UK manufacturing sector to benefit from circular economy

Materials World magazine
1 Apr 2020

A report from Sage says the UK manufacturing sector is more advanced than many global counterparts in adopting new processes and driving growth. Katherine Williams attended a briefing.

Prior to the UK following Europe into COVID-19 lockdown, consumers saw climate change as the main driver in manufacturing change. Environmental issues have been pushing change with 96% of British discrete manufacturing companies questioned saying such trends have affected them. Robert Sinfield, Vice President of Product at Sage, said, ‘The UK is ahead of the curve’, noting companies have changed workflow to eliminate waste and recycle resources – entering the circular economy.

Most UK manufacturing professionals view the circular economy as a long-term net benefit from a brand reputation and profitability perspective. Sinfield expanded, ‘On the global leader board, the UK stands quite high in pursuing the circular economy. Sage’s research Discrete Manufacturing in a Changing World, 2020 shows that lowering carbon footprint-related costs was more of a focus for UK companies (40%) than North American firms (24%) that took part in our survey. Indeed, only 35% of EMEA (Europe, Middle East and Africa) businesses and 38% of Australian firms said it was the reason that drove them to pursue a circular economy strategy. These variations could be down to political uncertainty and change across different regions and are in line with respective governments’ interests in improving their carbon footprint.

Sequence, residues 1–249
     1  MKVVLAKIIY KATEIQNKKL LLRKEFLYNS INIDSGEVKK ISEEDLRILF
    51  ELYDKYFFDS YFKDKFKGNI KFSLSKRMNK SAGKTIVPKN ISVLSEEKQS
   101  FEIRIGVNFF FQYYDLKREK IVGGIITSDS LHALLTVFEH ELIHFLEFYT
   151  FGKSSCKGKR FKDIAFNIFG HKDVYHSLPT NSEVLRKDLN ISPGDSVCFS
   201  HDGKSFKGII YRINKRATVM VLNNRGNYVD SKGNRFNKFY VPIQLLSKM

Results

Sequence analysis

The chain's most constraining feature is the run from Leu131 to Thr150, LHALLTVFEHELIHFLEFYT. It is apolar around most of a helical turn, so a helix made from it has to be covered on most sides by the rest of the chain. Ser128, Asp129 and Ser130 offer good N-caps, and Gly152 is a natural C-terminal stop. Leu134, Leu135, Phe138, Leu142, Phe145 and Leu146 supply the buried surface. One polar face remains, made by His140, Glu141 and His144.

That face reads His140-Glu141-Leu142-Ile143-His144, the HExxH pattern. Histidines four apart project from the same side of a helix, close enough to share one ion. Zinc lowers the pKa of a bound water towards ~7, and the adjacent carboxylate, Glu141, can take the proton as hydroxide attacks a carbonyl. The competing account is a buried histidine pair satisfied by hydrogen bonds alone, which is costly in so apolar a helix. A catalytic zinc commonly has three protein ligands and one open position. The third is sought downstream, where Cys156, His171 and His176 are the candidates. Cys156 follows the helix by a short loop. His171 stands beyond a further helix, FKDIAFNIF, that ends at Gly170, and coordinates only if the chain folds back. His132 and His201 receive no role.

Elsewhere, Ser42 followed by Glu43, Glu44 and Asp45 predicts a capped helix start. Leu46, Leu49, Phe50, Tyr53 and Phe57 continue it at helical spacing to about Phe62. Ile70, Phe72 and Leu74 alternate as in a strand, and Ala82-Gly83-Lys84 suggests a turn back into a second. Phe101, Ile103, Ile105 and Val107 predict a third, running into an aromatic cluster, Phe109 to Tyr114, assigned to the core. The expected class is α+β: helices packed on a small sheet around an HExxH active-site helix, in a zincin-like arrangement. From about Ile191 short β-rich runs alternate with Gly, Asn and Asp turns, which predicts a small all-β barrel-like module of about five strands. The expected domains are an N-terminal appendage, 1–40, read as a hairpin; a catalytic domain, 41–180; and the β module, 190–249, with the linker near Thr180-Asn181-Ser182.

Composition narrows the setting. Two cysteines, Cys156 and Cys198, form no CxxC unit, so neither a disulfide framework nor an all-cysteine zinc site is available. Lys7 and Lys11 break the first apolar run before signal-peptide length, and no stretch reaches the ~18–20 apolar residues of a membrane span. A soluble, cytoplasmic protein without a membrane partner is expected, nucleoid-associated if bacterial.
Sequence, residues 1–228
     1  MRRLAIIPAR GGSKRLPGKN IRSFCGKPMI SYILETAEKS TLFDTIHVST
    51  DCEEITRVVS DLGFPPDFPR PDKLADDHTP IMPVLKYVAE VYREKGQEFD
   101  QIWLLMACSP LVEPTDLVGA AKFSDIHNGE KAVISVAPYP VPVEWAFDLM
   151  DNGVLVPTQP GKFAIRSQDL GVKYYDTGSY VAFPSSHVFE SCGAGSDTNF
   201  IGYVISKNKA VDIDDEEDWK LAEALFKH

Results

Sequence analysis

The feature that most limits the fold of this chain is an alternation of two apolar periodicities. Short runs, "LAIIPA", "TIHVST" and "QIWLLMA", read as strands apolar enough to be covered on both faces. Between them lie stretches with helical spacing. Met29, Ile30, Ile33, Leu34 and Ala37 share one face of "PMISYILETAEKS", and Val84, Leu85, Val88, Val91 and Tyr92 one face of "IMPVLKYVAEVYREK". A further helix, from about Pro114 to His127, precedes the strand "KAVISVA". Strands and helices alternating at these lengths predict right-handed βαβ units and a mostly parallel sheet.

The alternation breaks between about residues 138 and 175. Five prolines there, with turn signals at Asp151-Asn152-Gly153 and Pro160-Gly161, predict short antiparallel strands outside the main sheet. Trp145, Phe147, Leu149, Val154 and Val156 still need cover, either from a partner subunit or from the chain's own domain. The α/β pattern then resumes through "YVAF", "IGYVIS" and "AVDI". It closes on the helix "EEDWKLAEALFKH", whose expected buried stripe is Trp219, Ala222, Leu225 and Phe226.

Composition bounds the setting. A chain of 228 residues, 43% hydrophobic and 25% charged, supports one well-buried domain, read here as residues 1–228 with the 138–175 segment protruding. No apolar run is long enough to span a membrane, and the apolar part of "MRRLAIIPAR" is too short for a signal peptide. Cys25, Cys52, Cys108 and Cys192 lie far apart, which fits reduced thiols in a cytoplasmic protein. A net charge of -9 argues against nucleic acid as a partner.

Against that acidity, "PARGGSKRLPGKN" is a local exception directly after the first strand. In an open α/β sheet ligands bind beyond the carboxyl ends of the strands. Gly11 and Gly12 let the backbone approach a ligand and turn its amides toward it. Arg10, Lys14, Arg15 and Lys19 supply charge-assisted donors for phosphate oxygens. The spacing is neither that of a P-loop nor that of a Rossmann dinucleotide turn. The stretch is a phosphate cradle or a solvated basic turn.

‘However, in the UK, three quarters of companies are in the middle of transforming and just 2% are completely transformed. So, we have a way to go yet, but we can do it. There are real trailblazers in this, such as SKF from Sweden that the UK needs to look to. SKF uses predictive technology to see how customers use their products, which helps them minimise wastage and downtime.’

Tim Figures, Director of Industrial Sectors, Technology and Innovation at MAKE UK, noted, ‘UK manufacturing is not a digitally native sector.’ Bourne out by the 65% of respondents who said they face undertaking substantial transformation to benefit – especially in adapting supply chain practices and balancing sustainability with the bottom line.

Sinfield was keen to note that companies can learn from the experience of others, ‘from success stories like SKF, we can see that a focus on the circular economy truly helps to drive profit and efficiency. The UK stands in a good place, but we need to follow through on desire to change with action - businesses need to realise they stand to improve their customer offerings and relationships from establishing a recycling model. Organisations can acquire new operational efficiencies by driving down waste in the manufacturing supply chain and customer sites. In the long term, there are huge cost savings to be reaped from adopting more environmentally friendly practices’.